Isaiah speaks of the way of the Lord - the way of return, the way of reconnection, the way of homecoming.
In Exodus, the people of God were liberated from Egypt, freed from slavery, and led to the promised land. The way of the Lord. Not only was the valley filled, and the mountain made low, the crooked made straight, the rough ways made smooth, even the sea parted for God's people.
The people in exile in Babylon after the invasion of Jerusalem, longed for salvation - longed for return to their homeland, longed for reconnection with their families and friends, longed for homecoming, when there would be a great celebration. They lamented, in Psalm 137, "By the rivers of Babylon, there we sat down and there we wept, when we remembered Zion."
The prodigal child, far away in a distant country, after squandering what he had been given, hungry, alone, longed for salvation - a way out of the rock bottom he was in - where he would gladly fill himself with the pods meant to feed the pigs.
Too often, we think of salvation only of the individual. We think only of personal salvation. But that interpretation of salvation is only one of the many rich meanings of salvation.
Personal salvation, at the end of the day, still places us at the center of all things. We are concerned about what will happen to us.
"All flesh shall see the salvation of God!"
The reality is this - that we are not truly saved until all are saved. Salvation is incomplete as long as there is someone, something left behind. Just like how we spill some of the wine during communion - our celebration is not complete, until all are liberated, all are saved from suffering and oppression.
Christianity has, since its incorporation into the Roman Empire, betrayed its calling. It is easy to talk about believing. It is easy to talk about individual salvation. It is easy to talk about grace.
It is not easy to talk about the injustices that surrounds us - it is not easy to talk about our own culpability and our complicity in the evils that is happening.
The way we consume causes rampant destruction to the environment. Our thirst for more and more can never be quenched in this cycle. Our silence and our inaction in the face of injustices continue to perpetuate the evil that persists in this world.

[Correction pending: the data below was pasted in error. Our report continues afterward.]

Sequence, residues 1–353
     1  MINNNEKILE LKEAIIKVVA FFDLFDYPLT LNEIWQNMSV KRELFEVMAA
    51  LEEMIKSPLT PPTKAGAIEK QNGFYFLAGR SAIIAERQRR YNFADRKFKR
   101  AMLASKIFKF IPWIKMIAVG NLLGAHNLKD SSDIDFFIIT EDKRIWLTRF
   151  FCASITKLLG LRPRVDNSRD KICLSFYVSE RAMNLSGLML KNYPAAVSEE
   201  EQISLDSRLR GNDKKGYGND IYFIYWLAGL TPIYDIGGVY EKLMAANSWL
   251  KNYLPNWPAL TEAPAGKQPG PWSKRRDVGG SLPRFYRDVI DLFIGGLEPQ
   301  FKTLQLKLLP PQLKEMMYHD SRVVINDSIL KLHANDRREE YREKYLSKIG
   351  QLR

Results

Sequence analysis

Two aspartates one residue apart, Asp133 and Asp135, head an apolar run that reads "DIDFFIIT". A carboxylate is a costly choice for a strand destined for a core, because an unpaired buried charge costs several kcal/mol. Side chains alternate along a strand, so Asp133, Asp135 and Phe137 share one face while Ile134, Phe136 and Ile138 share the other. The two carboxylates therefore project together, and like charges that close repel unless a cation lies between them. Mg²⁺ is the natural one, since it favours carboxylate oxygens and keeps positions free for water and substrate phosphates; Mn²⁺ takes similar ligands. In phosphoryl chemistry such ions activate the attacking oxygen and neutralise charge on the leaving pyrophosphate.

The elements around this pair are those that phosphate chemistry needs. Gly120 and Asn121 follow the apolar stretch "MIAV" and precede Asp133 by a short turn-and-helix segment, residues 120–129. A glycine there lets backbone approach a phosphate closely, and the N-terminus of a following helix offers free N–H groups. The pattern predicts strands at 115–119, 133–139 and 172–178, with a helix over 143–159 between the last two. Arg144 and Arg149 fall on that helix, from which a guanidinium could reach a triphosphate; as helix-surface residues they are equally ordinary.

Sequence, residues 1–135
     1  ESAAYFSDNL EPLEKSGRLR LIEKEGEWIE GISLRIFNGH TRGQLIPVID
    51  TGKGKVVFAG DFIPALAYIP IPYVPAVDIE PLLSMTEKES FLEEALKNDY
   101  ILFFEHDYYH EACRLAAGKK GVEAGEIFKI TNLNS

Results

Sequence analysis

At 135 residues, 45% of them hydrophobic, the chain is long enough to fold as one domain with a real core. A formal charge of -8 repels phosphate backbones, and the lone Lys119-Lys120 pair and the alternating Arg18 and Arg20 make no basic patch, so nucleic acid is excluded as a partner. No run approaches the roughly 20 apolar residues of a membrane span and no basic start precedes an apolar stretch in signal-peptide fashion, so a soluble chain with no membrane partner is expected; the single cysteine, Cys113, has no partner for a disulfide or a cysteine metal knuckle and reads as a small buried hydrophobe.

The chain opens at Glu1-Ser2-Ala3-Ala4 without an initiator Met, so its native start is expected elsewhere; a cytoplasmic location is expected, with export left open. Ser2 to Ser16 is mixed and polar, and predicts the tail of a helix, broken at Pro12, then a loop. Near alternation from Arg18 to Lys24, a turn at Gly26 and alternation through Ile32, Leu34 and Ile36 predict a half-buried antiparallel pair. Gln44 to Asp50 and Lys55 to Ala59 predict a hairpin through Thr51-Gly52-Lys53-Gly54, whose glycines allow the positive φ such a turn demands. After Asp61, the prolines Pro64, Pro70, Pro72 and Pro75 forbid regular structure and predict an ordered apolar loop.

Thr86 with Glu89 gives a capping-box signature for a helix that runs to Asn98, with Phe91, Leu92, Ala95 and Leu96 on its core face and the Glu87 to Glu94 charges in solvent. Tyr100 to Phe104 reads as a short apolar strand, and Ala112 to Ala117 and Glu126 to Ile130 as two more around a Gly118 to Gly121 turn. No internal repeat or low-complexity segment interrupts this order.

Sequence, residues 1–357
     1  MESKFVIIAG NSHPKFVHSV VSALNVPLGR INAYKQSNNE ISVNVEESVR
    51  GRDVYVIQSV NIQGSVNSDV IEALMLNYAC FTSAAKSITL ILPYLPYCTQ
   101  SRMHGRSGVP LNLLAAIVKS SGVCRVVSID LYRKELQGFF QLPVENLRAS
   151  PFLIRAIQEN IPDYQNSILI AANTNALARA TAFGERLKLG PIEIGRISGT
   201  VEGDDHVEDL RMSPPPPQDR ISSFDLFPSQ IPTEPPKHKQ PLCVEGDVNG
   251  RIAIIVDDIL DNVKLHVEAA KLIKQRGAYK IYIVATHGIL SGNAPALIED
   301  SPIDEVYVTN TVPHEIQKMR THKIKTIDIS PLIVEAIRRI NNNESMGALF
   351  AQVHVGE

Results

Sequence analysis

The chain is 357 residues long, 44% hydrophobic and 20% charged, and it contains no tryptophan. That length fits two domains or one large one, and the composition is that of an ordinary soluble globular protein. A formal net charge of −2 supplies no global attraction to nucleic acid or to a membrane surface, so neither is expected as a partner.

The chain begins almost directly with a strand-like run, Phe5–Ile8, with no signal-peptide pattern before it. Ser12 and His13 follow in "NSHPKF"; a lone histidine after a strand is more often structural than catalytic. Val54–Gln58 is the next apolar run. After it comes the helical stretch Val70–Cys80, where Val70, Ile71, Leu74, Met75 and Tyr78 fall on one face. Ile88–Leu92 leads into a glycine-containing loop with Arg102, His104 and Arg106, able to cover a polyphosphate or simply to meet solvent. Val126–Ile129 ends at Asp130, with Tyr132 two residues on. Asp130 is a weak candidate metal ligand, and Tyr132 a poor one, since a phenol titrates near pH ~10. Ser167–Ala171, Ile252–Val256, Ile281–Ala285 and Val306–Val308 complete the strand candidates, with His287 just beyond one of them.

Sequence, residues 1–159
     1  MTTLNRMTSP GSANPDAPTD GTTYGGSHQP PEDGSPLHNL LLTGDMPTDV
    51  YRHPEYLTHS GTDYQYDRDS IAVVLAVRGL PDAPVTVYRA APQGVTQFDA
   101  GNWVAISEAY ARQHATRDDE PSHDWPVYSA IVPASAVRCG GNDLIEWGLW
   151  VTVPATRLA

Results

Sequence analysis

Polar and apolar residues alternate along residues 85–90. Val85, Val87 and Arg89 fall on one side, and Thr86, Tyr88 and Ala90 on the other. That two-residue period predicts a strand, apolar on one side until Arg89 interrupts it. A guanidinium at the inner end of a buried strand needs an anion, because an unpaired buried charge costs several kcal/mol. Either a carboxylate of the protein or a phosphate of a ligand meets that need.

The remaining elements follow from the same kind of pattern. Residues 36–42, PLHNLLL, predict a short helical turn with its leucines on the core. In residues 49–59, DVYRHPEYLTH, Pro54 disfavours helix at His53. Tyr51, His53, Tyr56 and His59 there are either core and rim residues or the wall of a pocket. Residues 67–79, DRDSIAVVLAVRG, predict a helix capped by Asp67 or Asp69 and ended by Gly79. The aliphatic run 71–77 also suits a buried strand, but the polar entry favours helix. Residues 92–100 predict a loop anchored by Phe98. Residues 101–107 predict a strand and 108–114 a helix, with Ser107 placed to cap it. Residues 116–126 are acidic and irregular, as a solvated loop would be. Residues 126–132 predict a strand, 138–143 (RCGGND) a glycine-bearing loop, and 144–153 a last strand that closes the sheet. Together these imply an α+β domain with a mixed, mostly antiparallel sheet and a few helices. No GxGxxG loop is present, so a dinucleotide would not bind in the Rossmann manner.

The prophets all have in different ways called us to prepare the way of the Lord.
Jesus, when asked by the Pharisees when the kingdom of God was coming, and he answered, ‘The kingdom of God is not coming with things that can be observed;
nor will they say, “Look, here it is!” or “There it is!” For, in fact, the kingdom of God is among you.’
The kin-dom of heaven is here. The holy city, the new Jerusalem, coming down out of heaven from God,
‘See, the home of God is among mortals.
God will dwell with them;
they will be God's peoples,
and God will be with them;
God will wipe every tear from their eyes.
Death will be no more;
mourning and crying and pain will be no more,
for the first things have passed away.’
If we all begin to realize how inter-connected we are, and how we play a role in bringing us closer to the kin-dom of God, if we all work towards a world of love, justice and peace - that day will come.
Prepare Ye the way of the Lord. Yes. It says Prepare Ye the way of the Lord, not Prepare Ye the way for the Lord. This is not some wayang exercise to make everything look orderly and beautiful when some royalty visits. John the Baptist isn't preparing the way for Jesus. He is preparing the way of Jesus. He is preparing the way for God's people - the way of liberation, the way of return, the way of reconnection, the way of homecoming, the way of reconciliation. The way to the Kindom of God.
In our modern world today, we are fortunate to have some mode of transportation that brings us quickly from one place to the next. But picture this - in a place where there is no transportation but your two feet, the journey from one place to another can mean climbing over hills, over mountains, heading down through valleys. The journey, the way could be dangerous, perilous, tiring. Some will not make it there. Our role as the church, our mission as God's people, is to fill every valley, to make every mountain and hill low, and to make the crooked straight, and the rough ways smooth.
Rob Bell, founder of Mars Hill Bible Church in Michigan writer of many books including "Love Wins: A Book About Heaven, Hell, and the Fate of Every Person Who Ever Lived," argues that setting some people aside as missionaries “undercuts the notion that everyone in the church is in mission. To call some missionaries sends all the wrong messages — that somehow business people, educators, or social workers are not missionaries. Everyone, if they are a Christian, is in full-time ministry.”